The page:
SOUTHFIELD, Mich. -- Toyota is using $199-a- month leases on its Camry to keep it the top-selling car in the United States, much as it did to recover from record recalls and Japan's tsunami. Now it's pulling the rest of the industry with it.
Once primarily a tool for selling luxury vehicles, leasing is becoming common among hot-selling family sedans, such as Ford's Fusion and Honda's Accord. Supported by high used-car prices, low interest rates and Americans' tendency to buy vehicles based on the monthly payments, U.S. auto leasing is at the highest levels in at least a decade and pacing the industry's best year since 2007.
"It's a great way to present a product at very affordable monthly prices," Peter DeLongchamps, a vice president for Group 1 Automotive Inc., the fourth-largest U.S. auto dealership group and one of the nation's biggest Toyota retailers, said by telephone. "There's absolutely no question" Toyota is using leasing to contend in an increasingly competitive mid-size car segment.
Leasing's share of U.S. new-vehicle sales has been at least 22.5 percent in every month this year, according to J.D. Power & Associates. The four top months for lease penetration in the last decade, the extent of Power's data, were in 2013, and each of the year's first six months rank among the top nine, the Westlake Village, Calif.-based researcher said.
The momentum for leasing is driving U.S. car and light truck sales to a six-year high. Deliveries may climb 15 percent for July to 1.33 million, the average estimate of nine analysts in a survey by Bloomberg News. The annualized industry sales rate, adjusted for seasonal trends, may climb to 15.8 million, the average of 15 estimates, from 14.1 million a year earlier.
The industry sales pace for the month keeps the U.S. on track for its best year since 16.1 million vehicles were sold in 2007. It's also further evidence of the disparate paths of the American auto industry and the city of Detroit, which filed the nation's largest municipal bankruptcy in history this month.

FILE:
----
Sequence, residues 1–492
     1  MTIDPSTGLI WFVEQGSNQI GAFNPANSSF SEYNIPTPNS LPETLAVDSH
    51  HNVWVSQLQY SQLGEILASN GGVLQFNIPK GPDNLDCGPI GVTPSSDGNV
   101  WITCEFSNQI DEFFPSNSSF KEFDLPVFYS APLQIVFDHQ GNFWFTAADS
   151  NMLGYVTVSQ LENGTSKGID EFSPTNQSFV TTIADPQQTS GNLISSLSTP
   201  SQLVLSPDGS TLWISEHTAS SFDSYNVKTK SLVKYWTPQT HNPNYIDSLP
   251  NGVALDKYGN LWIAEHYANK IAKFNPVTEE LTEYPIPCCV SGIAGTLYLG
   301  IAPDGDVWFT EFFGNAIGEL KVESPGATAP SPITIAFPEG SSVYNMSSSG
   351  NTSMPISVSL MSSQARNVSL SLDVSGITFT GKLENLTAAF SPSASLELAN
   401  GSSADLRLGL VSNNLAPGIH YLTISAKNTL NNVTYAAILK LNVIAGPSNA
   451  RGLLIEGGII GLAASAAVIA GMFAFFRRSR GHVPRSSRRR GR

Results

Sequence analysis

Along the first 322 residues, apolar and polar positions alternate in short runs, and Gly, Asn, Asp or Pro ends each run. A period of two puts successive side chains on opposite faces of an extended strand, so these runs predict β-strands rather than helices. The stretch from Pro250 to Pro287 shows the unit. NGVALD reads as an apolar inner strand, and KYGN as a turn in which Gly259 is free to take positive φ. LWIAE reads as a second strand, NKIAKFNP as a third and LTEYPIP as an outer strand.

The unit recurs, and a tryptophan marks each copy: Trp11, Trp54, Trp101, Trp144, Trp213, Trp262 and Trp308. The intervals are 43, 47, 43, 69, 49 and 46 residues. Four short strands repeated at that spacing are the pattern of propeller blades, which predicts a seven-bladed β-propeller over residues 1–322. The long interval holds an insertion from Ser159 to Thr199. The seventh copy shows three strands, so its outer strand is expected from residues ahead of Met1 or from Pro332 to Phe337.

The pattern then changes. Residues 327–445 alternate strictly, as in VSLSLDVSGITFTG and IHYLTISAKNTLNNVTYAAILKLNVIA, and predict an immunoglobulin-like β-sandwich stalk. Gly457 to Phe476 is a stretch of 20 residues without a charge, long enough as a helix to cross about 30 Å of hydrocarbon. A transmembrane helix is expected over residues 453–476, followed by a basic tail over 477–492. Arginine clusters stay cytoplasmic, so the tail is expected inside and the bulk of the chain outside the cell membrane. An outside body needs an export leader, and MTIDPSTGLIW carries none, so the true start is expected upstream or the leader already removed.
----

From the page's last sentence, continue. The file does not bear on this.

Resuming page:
The reasons for leasing's strength extend beyond the race for the top-selling U.S. car. Industrywide gains in product quality and strong used-car prices allow automakers to project higher values for their vehicles when leases expire. This trend is combining with record-low interest rates in allowing the companies to offer cheaper monthly payments.
Leasing has historically tended to be more common on high- end models, accounting for roughly half of sales for some. David Welch, a product manager for a technology company in San Jose, Calif., signed a two-year lease on a Mercedes E350 4Matic during the Fourth of July weekend.
"Moving into luxury cars, it made so much more sense to rent them than to buy them," Welch said in a telephone interview. "For two years, I've got a car where I've only got to put gas and insurance into it."
Leasing's expansion into more mainstream segments also can cultivate loyal customers who can move up into higher-priced vehicles for their future purchases, said Kevin Tynan, an auto analyst for Bloomberg Industries in Skillman, N.J.
"It does create move-ups," he said. "Instead of being in a compact car and having to lease, you'll get people up from compact cars into mid-size cars by being aggressive there."
Buyers are showing "growing acceptance" of leasing in more segments, including mid-size cars, said Bill Fay, a Toyota group vice president. The prices paid for Toyota's vehicles at the end of their lease, known as resale or residual values, tend to rank among the highest in the industry.
"We're going to leverage a good position we have from resale values to use that as an advantage," Fay said in a phone interview. "It allows us to offer very competitive monthly payments."
The ability to offer Camry at cheaper monthly rates is crucial as Toyota tries to stem declining demand for the car in the year's first half. Camry deliveries slipped 2.9 percent to 207,626, according to researcher Autodata Corp.
Competitors, including Ford, Honda and Nissan, are closing in on Camry, the top-selling car in the U.S. for the past 11 years. A 20 percent surge in Tokyo-based Honda's Accord deliveries during the first half cut its sales deficit to Camry by 65 percent from a year earlier, to less than 21,000.